EXPLAIN ANALYZE has some overhead, and on such fast queries, other overhead like network and parsing becomes significant also. It only runs the query once, which means effect from other stuff the machine is doing at the same time can be significant, so there will be some variance, which could be a lot more than 121µs. Basically, with such short timings, don't use just one try with EXPLAIN ANALYZE to make optimization decisions.

To benchmark these queries, it is more accurate to run them from your application, many times, averaging the time, which gives a more relevant answer.

That said, if 121µs matters for your performance, then that either means...

  • You're executing the query a zillion times in a loop

That's a Bad Idea: you will get much better performance by gathering a list of ids of the rows you want to grab, and getting them all in one query using IN(), or unnest(), or a JOIN with VALUES()... or moving the whole thing into a JOIN.

If you use an ORM and you select a list of rows, sometimes you will catch it red handed doing one query per row to fetch relations with the rows that were selected. If the ORM is not dumb it should be able to be configured to do it the right way as explained in the above paragraph. If it can't avoid doing this, it is not suitable for use.

  • You're executing the query a zillion times but it's not in a loop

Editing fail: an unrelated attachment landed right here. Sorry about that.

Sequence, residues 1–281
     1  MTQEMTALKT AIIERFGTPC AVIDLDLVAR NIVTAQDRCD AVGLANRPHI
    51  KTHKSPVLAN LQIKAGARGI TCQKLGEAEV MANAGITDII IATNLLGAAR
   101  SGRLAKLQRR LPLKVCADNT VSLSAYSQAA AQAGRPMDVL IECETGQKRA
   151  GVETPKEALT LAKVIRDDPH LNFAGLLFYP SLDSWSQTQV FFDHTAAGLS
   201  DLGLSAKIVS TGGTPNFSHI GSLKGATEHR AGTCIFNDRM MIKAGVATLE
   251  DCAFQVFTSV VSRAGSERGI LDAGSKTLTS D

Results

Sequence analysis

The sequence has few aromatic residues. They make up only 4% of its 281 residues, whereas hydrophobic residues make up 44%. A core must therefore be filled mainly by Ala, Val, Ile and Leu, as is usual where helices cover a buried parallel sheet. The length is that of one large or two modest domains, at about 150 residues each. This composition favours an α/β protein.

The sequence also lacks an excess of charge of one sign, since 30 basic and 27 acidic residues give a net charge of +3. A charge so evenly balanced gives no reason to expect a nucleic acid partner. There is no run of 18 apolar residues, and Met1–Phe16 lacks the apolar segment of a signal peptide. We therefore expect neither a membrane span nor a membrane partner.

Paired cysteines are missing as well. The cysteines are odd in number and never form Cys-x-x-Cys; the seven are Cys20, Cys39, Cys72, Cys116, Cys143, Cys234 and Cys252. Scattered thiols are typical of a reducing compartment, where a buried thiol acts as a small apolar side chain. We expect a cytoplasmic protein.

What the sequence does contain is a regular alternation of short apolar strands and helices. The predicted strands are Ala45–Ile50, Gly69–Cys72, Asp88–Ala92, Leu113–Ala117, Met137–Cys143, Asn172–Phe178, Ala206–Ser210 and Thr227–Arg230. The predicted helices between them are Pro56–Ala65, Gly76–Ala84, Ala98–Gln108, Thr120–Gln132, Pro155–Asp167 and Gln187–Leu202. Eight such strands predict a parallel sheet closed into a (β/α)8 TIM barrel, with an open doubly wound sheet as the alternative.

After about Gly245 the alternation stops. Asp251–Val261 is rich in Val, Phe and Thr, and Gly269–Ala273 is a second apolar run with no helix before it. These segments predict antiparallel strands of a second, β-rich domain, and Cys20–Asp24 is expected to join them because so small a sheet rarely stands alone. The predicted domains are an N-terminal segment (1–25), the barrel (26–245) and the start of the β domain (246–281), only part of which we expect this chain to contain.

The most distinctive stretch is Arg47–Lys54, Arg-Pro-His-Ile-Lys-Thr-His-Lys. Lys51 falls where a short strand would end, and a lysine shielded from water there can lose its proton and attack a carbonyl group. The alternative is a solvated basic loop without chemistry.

For example you have a server handling lots of requests and each needs to do one of these queries. In this case you can't use the above trick. But if you use connection pooling, you can use persistent prepared statements or plpgsql functions. You should check that the pool doesn't reinitialize the database session with DISCARD ALL between each use, because that deletes all cached plans.

2
  • Benchmark it from the app. But remember premature optimization is evil. Why are you counting microseconds? Usually this indicates another problem. Are you running this query in a loop?
    – bobflux
    Commented Mar 27 at 12:06
  • Then you should benchmark and optimize the big slow queries, those really matter. The fast queries like this example most likely won't be your bottleneck.
    – bobflux
    Commented Mar 27 at 14:36